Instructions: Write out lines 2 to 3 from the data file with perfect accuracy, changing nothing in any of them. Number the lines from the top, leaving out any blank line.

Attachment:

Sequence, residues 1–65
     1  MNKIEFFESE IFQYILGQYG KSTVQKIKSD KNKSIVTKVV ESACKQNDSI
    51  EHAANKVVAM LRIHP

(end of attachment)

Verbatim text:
     1  MNKIEFFESE IFQYILGQYG KSTVQKIKSD KNKSIVTKVV ESACKQNDSI
    51  EHAANKVVAM LRIHP